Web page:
If you’ve peeped our list of “Black-Ass Books to Add to Your Reading List,” then you know Ta-Nehisi Coates’ We Were Eight Years In Power dropped in October. The acclaimed journalist and author is currently on a press tour promoting his new book, and during a stop at Evanston Township High School in Illinois, a white student raised an email sent to students ahead of a Lil Uzi Vert concert stating white students do not have the right to recite the n-word during the show.

The student, who agrees “100 percent” with the memo, asked Coates how to go about addressing white folks who feel entitled to the word when they hear it used in rap music. “I don’t know what to do when I hear my friends use this word in a song,” the student expressed, to which Coates responded: “Words don’t have meaning without context.”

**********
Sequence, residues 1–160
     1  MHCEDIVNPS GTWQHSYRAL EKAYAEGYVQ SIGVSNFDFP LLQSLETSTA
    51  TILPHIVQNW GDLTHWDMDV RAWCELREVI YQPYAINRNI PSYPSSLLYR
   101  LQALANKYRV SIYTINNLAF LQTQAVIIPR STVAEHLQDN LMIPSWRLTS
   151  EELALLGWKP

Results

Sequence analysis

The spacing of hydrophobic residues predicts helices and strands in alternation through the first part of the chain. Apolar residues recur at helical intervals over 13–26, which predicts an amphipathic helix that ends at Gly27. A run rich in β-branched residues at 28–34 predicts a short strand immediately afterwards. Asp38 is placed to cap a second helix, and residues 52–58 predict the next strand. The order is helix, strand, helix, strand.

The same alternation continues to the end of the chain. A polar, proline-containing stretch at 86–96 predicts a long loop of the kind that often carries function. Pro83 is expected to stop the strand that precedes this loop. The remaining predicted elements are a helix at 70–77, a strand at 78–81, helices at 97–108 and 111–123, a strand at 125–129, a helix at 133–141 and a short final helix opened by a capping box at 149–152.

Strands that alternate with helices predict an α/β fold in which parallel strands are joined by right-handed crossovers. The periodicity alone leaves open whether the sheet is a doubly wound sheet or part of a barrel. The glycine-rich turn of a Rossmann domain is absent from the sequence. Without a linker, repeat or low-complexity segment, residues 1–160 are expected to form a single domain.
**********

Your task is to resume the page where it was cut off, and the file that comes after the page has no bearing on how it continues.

“My wife, with her girlfriends, will use the word ‘bitch.’ I do not join in. I don’t do that—and perhaps more importantly, I don’t have a desire to do it,” he explained while addressing privileges people have to use certain terms in different contexts. He then goes on to expound on racial implications beyond music and pop culture.

“When you’re white in this country, you’re taught that everything belongs to you. You think you have a right to everything. It’s conditioned this way,” he said. “The experience of being a hip-hop fan, and not being able to use the word ‘n*gga’ is just a little peek into what it means to be Black. Because to be Black is to walk through the world and watch people doing things that you cannot do.”

We Were Eight Years In Power—which The Boston Globe calls “essential“—is available now. Watch Coates drop gems in the video clip above.

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